A GROUP of ambitious entrepreneurs from Addo have their sights set on alleviating poverty through a beekeeping business. And, with Addo Elephant National Park on board, the eight people believe their business will go from strength to strength.
Thobani Sesman, 25, said he and his business partners had hit upon the idea as they felt there was a gap in the market and, because Addo's thriving citrus industry attracted many bees, it would not be too difficult to get started.
"We saw there was a need for this kind of business – it is the first of its kind here in Addo. This is mostly a citrus area, which attracts a lot of bees. We call ourselves Oonajahulu Beekeepers, as this is our clan name," Sesman said.
He said the group members had not wanted to end up spending most of their time drinking and feeling sorry for themselves.
"A lot of people sit around doing nothing and blame the government for not giving them jobs. We saw there was a need for a beekeeping company in this area."
Sesman said he and Luthando Mafana, 32, Mnonelel Scritch, 48, Zamkele April, 40, Nandipha Peter, 25, and Maria Davis, 26, approached the Addo Elephant National Park about their idea.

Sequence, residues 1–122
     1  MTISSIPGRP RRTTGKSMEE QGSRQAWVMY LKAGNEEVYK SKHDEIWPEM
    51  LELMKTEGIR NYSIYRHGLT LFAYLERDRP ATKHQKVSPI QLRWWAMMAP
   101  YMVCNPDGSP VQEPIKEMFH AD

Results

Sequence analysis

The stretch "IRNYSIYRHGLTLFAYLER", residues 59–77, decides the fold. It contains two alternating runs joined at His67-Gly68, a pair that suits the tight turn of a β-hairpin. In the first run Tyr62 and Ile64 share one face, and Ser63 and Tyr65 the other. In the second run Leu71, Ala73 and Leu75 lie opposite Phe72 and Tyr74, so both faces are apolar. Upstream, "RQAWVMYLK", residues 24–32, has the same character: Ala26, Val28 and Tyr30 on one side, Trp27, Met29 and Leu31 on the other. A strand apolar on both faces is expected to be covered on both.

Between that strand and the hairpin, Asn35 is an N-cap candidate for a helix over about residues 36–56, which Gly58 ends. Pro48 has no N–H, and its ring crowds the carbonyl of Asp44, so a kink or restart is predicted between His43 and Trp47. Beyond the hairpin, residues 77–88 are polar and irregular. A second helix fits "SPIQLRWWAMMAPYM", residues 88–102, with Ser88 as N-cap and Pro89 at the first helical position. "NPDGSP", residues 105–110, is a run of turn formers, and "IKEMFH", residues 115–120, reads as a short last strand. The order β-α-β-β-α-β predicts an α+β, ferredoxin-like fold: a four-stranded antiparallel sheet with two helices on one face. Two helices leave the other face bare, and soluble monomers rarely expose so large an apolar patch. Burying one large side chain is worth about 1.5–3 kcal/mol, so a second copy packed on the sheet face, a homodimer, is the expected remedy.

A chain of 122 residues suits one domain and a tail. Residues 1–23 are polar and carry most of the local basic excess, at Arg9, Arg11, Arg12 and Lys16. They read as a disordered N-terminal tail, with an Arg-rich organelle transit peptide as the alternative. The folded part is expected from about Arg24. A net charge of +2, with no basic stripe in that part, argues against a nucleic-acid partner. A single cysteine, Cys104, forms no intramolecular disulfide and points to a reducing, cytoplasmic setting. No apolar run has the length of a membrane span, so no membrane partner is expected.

"They loved it and they referred us to Mervyn Brouard, from Friends of the Baviaanskloof Wilderness. He runs projects to help people from disadvantaged areas.
"He gave us clothing, gear and 30 beehives. He also offered us training on how to run a beekeeping business," Sesman said.
Themba Mangxaka, of the Addo Elephant Park, said that to assist Oonajahulu, the park provided the business with a tract of land on the botanical reserve. "This is the land they use to put up their beehives to trap the bees."
He said the park would also engage with Rhodes University to see what byproducts, other than honey, the business could produce.
Addo would also help with marketing.
"We are also helping them with marketing the business because we believe that the more it grows, the more it will create job opportunities for the locals," Mangxaka said.
The first step of the business was already on track, with a swarm of bees trapped, Sesman said.
"It will now take about three weeks to produce honey. We know one has to persevere in this business, as there is a lot of hard work and you sometimes get stung by the bees.
"At the end of the day, we are doing this to benefit our families and the community of Addo. We know that in the long run this will change our lives for the better."
Sesman said the group was already working with bed and breakfasts in the Sundays River valley with the aim of selling their honey.
Following this the business would look to Nelson Mandela Bay as another potential buyer and then "we want to go national", he said
As the group has very little financial backing, Sesman said the major challenge the business would face in the future was buying new hives, which cost about R1800 each.
The group also aims to make their business a win- win initiative for locals who have problems with swarms of bees.
Sesman said that for now they assisted when community members had problems with bees at their homes, as Oonajahulu would happily help in getting rid of the bees which in turn would be used in the business.
Oonajahulu's main aim was to fight poverty through job creation, he said.